As described above, composite scores for the NEI-VFQ-9 (for those participants who were driving at both follow-up visits) and the NEI-VFQ-8 (for the large majority of participants) were calculated. Of a total possible score of 100, the mean composite score for the NEI-VFQ-9 was 92.1 ± 9.6 at the 10-year visit and 91.0 ± 11.7 at the 15-year visit. Similarly, the mean composite score for the NEI-VFQ-8 was 90.7 ± 10.9 at the 10-year visit and 89.5 ± 12.7 at the 15-year visit. Changes in NEI-VFQ composite scores from the 10-year visit to the 15-year visit by AMD status at each visit are presented in Table 4 . Participants at the 10-year visit with no AMD and those at the 15-year visit with no AMD both had mean composite scores that did not change substantially over the 5-year period, with mean NEI-VFQ composite scores changing by no more than 0.33. However, participants at the 10-year visit with late AMD and those at the 15-year visit with late AMD had mean NEI-VFQ composite scores that worsened over the 5-year period, with mean changes of up to −9.77, indicating a decline in vision-specific QOL over time in participants with late AMD at both visits. These changes were statistically significant ( P < .001) for both NEI-VFQ scores and for both participant groups at the 10-year and at the 15-year visits when comparing among the 3 AMD status groups. Table 4 also outlines the change in NEI-VFQ composite scores by participant groups based on their 5-year change in AMD status. For the larger participant group with NEI-VFQ-8 scores, the greatest mean change in unadjusted composite scores was seen in the group that progressed from early AMD to late AMD (−12.9), and notable changes also were seen in the group that had late AMD at both visits (−8.09) and the group that progressed from no AMD to late AMD (−4.66). For participants with responses to the NEI-VFQ-9, the greatest mean change in unadjusted composite scores was seen in the group that had late AMD at both visits (−9.69), with notable changes in the group that progressed from early AMD to late AMD (−6.29) and in the group that progressed from no AMD to late AMD (−4.93). These changes were statistically significant ( P < .001) for both NEI-VFQ scores when comparing among the various changes in AMD status groups.
|Status of AMD||Change in NEI-VFQ Score, b Mean ± SD (Median)|
|8-Item Composite Score (n = 1584)||9-Item Composite Score (n = 1021)|
|AMD status at 10-year SOF visit (baseline)|
|No AMD||−0.11 ± 9.79 (0.0)||0.14 ± 8.60 (0.0)|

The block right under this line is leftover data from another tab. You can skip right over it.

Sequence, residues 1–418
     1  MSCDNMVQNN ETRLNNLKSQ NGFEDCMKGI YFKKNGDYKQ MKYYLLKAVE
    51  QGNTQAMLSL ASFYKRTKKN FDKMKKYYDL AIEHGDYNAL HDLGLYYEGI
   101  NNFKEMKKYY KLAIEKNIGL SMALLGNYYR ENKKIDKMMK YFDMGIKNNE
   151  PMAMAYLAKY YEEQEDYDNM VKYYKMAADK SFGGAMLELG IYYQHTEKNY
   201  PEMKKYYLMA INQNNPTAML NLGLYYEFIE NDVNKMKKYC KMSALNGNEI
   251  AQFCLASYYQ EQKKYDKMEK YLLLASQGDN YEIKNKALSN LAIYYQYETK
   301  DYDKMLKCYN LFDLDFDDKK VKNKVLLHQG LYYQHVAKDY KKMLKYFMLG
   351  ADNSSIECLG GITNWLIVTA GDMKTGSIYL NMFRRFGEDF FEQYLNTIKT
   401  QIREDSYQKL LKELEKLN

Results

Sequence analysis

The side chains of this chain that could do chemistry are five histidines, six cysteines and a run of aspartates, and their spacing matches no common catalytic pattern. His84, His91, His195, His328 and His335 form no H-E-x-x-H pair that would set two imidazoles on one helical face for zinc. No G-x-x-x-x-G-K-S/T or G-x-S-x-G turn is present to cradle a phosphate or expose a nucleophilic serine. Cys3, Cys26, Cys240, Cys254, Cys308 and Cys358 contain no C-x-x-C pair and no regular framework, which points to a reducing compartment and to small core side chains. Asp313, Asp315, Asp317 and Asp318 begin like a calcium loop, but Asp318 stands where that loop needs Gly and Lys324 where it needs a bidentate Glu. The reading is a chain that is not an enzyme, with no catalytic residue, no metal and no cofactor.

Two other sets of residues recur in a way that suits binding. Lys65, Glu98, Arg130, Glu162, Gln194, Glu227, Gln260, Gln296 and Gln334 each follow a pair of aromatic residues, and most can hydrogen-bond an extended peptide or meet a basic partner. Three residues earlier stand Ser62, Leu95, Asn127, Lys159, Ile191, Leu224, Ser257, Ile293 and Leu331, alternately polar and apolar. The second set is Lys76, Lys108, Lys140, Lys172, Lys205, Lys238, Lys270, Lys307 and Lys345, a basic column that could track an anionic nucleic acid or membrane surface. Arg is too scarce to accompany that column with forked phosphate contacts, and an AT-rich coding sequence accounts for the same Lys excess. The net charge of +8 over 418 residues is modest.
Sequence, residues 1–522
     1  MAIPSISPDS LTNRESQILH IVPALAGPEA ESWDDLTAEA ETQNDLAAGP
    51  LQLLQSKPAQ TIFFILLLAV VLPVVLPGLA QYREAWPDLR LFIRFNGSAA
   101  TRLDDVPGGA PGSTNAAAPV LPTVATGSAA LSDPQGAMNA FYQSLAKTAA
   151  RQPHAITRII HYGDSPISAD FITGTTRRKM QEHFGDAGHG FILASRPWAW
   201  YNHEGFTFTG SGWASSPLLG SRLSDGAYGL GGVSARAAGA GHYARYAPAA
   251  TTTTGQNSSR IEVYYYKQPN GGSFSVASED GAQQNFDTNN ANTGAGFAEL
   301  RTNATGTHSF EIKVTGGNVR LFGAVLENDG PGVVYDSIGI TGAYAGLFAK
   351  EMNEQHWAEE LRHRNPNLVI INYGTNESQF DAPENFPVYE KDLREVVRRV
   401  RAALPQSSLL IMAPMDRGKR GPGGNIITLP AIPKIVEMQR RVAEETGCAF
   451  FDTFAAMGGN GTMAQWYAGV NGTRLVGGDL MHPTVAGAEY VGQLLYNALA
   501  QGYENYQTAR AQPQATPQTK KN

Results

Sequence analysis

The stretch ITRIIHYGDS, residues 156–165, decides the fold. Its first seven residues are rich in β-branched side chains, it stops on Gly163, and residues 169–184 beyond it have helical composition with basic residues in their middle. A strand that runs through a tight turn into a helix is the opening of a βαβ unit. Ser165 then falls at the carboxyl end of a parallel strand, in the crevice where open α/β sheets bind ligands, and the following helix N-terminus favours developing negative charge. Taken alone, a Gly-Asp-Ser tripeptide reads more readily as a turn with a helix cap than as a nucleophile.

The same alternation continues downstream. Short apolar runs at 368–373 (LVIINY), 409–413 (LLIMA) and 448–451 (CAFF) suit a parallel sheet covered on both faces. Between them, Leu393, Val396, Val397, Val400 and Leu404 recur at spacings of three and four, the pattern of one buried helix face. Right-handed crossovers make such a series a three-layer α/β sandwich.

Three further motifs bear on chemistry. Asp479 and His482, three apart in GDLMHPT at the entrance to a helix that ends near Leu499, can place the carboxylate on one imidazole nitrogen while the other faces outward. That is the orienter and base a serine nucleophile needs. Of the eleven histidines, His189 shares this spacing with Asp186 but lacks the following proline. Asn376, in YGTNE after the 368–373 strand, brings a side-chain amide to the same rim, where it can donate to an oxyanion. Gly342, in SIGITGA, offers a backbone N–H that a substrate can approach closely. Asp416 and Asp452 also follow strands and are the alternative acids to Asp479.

|Early AMD||−3.46 ± 13.2 (−0.63)||−2.89 ± 9.55 (−2.22)|
|Late AMD||−8.09 ± 21.5 (−6.62)||−9.69 ± 20.6 (−5.89)|
|P value c||<.001||<.001|
|AMD status at 15-year SOF visit|
|No AMD||0.32 ± 9.52 (0.0)||0.33 ± 8.17 (0.0)|
|Early AMD||−1.34 ± 10.6 (0.0)||−1.30 ± 9.29 (0.0)|
|Late AMD||−9.77 ± 19.5 (−6.63)||−7.81 ± 16.8 (−4.44)|
|P value c||<.001||<.001|
|5-year change in AMD status|
|No AMD at both visits||0.25 ± 9.48 (0.0)||0.49 ± 8.17 (0.0)|
|No AMD to early AMD||−0.99 ± 10.3 (0.0)||−0.72 ± 9.24 (0.0)|
|No AMD to late AMD||−4.66 ± 15.6 (−4.12)||−4.93 ± 17.6 (−3.67)|
|Early AMD to no AMD||1.03 ± 9.97 (0.0)||−1.30 ± 8.06 (0.0)|
|Early AMD at both visits||−1.85 ± 11.0 (0.0)||−2.28 ± 9.34 (−2.22)|
|Early AMD to late AMD||−12.9 ± 17.2 (−8.37)||−6.29 ± 11.1 (−3.67)|
|Late AMD at both visits||−8.09 ± 21.5 (−6.62)||−9.69 ± 20.6 (−5.89)|
|P value c||<.001||<.001|
Of 56 women with unilateral late AMD at the 10-year visit, 17 (30%) progressed to bilateral AMD. Only 10 of the 17 subjects drove at the 10-year visit and 7 of them still drove at the 15-year visit. The mean change in NEI-VFQ-8 from the 10-year visit to the 15-year visit for these 17 subjects was −14.8 ± 25.4 (median, −10.2; range, −81.9 to 39.6; n = 16).
Table 5 outlines the effects of change in AMD status on changes in mean NEI-VFQ composite scores over the 5-year study period based on linear regression models controlling for potential confounders, including NEI-VFQ scores at the 10-year visit. For both NEI-VFQ scores, change in AMD status had the greatest influence on NEI-VFQ scores in participants with late AMD at both visits (−16.2 for NEI-VFQ-8 and −14.2 for NEI-VFQ-9) and in participants who progressed from early AMD to late AMD (−13.3 for NEI-VFQ-8 and −7.91 for NEI-VFQ-9). In all 4 cases, these effects were highly statistically significant in the regression models ( P < .001). In addition, statistically significant influences on both NEI-VFQ scores also were found for participants with early AMD at both visits (−2.17 for NEI-VFQ-8 [ P = .009; −2.30 for NEI-VFQ-9 [ P = .014]). All aforementioned statistically significant changes are consistent with an anticipated negative impact of progression within the AMD continuum on vision-specific QOL. In addition, progression from no AMD to late AMD did not have a significant influence on changes in either NEI-VFQ composite scores. These findings are addressed further in the discussion.